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Henry VI, Part 1

Henry VI, Part 1 Translation Act 2, Scene 3

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Enter the COUNTESS and her Porter

COUNTESS

Porter, remember what I gave in charge;And when you have done so, bring the keys to me.

COUNTESS

Porter, remember what task I have set you. When you have done it, bring the keys back to me.

PORTER

Madam, I will.

PORTER

I will, madam.

Exit.

COUNTESS

The plot is laid: if all things fall out right, I shall as famous be by this exploit As Scythian Tomyris by Cyrus' death. Great is the rumor of this dreadful knight, And his achievements of no less account: Fain would mine eyes be witness with mine ears, To give their censure of these rare reports.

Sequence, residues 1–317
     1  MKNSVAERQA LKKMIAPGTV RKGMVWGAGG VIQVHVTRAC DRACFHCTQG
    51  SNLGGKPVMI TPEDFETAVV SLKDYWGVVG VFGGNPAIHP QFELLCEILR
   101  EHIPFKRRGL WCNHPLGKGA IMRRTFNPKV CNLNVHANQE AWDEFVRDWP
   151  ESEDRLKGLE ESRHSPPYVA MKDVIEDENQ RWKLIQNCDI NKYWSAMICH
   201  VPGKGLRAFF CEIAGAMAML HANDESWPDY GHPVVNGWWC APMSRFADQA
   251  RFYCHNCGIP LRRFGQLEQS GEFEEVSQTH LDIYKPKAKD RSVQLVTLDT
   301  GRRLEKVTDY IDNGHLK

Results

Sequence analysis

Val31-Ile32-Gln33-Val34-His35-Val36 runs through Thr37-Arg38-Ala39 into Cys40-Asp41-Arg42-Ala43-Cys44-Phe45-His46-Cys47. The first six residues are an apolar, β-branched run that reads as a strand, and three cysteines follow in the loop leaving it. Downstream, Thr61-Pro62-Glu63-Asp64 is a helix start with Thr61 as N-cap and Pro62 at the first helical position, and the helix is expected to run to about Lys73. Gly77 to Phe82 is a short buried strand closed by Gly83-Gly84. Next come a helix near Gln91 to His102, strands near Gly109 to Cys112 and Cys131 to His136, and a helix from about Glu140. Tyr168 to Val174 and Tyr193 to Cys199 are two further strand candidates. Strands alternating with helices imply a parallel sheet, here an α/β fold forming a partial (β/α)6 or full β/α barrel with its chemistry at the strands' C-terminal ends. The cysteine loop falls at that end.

COUNTESS

The plot is in place. If everything works out correctly, I will be as famous as Queen Tomyris after the death of Cyrus. The rumors about this dreadful knight are great and his achievements are also worth mentioning. Willingly would my eyes and ears see and hear to give their opinion of these exceptional reports of him. 

Enter Messenger and TALBOT

MESSENGER

Madam,According as your ladyship desired,By message craved, so is Lord Talbot come.

MESSENGER

Madam, as your ladyship wanted, and desired by my message, here comes Lord Talbot. 

COUNTESS

And he is welcome. What! Is this the man?

COUNTESS

And he is welcome. What!? Is this the man?

MESSENGER

Madam, it is.

MESSENGER

Madam, it is him. 

COUNTESS

Is this the scourge of France? Is this the Talbot, so much fear'd abroad That with his name the mothers still their babes? I see report is fabulous and false: I thought I should have seen some Hercules, A second Hector , for his grim aspect, And large proportion of his strong-knit limbs. Alas, this is a child, a silly dwarf! It cannot be this weak and writhled shrimp Should strike such terror to his enemies.

COUNTESS